I first met Dr. Frist, Sr., when I was about 11 years old. My grandmother was referred to his office. I’ll never forget standing out in the hallway talking to Dr. Frist, Sr.’s nurse, and I don’t know how the conversation started, but I told her that my grandmother was teaching me how to cook, and that I had cut up my first chicken. I said you couldn’t recognize a single piece of that chicken; maybe the legs you could, but you couldn’t even tell what the rest of the chicken was. I went on to explain to her what I’d done and how I cooked it. I didn’t know that Dr. Frist, Sr., was in his office just right across the hall listening to what I was saying. At the end of the story, he came out, and he was a real big man — he was 6’5” or so. He was way on up there, and I can remember him coming up to me, putting his arm around me, and patting me on the arm, and he said, “Poor old chicken.” He had listened to every word I’d said! But he never forgot me. Dr. Frist, Sr., always loved Park View because it was [HCA’s] first hospital, and he always came back, and it seemed like he always had an entourage of people with him. But, he never failed to look me up wherever I was working. He always came to see me, and he would always put his arm around me and tell them about the chicken story. He never forgot me. And, I even took care of him as a patient. He was in a car wreck one time and broke his neck. We were still Park View then. That was before the tower went up and we became TriStar Centennial. But, he had stories to tell like Dr. VanDevender. I think that’s partly where Dr. VanDevender gets that. Dr. Frist, Sr., always had a story to tell.
What made you want to become a nurse?
I had surgery on my eye when I was 6. The same procedure today is an outpatient procedure, but I had to be in the hospital for two weeks, and both eyes were patched. You are very impressionable as a child, but when you have your eyes bandaged, and you can’t see anything, you have to go on feelings, sounds and how people were treating you. I just decided then and there that that’s what I wanted to be — a nurse. And then, I started coming over here with my grandmother, who was admitted to Park Vista Convalescent Center as it was called then before it became a hospital. It was summer time when she was there, so I would stay with her and get to see what the nurses did. That kind of sealed it for me that this is where I wanted to come work. When it became Park View Hospital, one of the first people to have surgery there was my grandmother. I took care of my grandmother until I was 20 years old and dropped out of college to take care of her so she wouldn’t have to go to a nursing home. She passed away, and I went back to school and finished. But one of my nursing school instructors had gone to school with the director of nurses at Park View Hospital, and so Ms. Jones called Ms. Lambert and said, “I’ve got a student who wants to come work for you, and she already feels like it’s her home away from home.” Ms. Lambert said, “Well, send her up here.” This was all before I graduated from nursing school. I called and made an appointment to see Ms. Lambert, and she shoved an application form in my face and said, “Fill out the basic stuff here, and I want you to show up on September the 5th, and we will start your orientation.” So, I came on September 5, 1972, with no resume, and I’m leaving almost 46 years later, and I won’t need a resume when I leave.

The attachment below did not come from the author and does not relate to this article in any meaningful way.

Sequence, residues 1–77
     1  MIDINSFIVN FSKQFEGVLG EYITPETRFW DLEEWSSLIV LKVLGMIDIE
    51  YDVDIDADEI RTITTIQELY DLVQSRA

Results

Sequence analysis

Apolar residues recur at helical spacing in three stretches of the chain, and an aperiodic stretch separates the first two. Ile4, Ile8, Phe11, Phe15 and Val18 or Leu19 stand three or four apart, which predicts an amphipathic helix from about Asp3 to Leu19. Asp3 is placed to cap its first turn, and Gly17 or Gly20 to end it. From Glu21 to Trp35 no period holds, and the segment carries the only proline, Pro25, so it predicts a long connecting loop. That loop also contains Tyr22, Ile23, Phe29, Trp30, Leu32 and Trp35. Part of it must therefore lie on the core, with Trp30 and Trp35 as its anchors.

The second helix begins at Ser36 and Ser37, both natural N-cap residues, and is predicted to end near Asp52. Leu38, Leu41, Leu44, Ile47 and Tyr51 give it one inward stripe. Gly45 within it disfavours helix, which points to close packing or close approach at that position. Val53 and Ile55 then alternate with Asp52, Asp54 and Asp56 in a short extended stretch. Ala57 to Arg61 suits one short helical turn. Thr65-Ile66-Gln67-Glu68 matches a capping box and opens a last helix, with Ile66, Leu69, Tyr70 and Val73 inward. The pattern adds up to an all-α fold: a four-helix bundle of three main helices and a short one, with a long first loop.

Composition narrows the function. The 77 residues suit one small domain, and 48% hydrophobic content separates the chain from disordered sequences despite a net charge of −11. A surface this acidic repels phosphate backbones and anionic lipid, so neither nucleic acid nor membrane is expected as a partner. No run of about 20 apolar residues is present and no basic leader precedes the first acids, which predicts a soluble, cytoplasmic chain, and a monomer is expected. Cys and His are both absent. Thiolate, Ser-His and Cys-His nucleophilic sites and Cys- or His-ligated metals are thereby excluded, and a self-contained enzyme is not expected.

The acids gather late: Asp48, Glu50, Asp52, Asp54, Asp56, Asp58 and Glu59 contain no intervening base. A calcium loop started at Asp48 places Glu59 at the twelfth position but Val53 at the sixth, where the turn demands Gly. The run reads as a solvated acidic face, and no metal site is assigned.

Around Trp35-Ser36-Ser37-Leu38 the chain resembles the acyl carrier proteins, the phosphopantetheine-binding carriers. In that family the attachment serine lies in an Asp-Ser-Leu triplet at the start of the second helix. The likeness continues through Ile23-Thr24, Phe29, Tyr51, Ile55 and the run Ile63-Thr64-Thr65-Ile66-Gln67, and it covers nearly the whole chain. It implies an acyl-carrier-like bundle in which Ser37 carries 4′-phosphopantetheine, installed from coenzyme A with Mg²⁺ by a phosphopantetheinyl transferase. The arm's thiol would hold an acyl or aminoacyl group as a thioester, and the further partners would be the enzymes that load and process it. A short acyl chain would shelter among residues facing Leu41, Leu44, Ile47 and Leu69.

It will probably take me six months or longer to get through all the lunches I’ve already set up with my coworkers. But, I’m going to get to do things that I haven’t done in a long time. I want to have a garden again and make pickles and do all those sorts of things I used to do with my grandmother. I’m a very crafty, homey person, and I want to get back to needlepoint, cross-stitching and my crocheting. I haven’t actually taken a real vacation in about 10 years, so I’m planning to do some traveling. I have an 8-year-old nephew that plays every sport that there is, and I want to go see some of his ballgames. I’m a big football fan, and I want to go to some of my college games, which is the University of Alabama. Roll Tide!
Thank you, Star, for your tireless dedication. To learn more about the services offered by TriStar Health and to find a TriStar Health facility near you, visit tristarhealth.com.
Thank you to Leila Grossman of Grannis Photography for the fantastic photos of Star.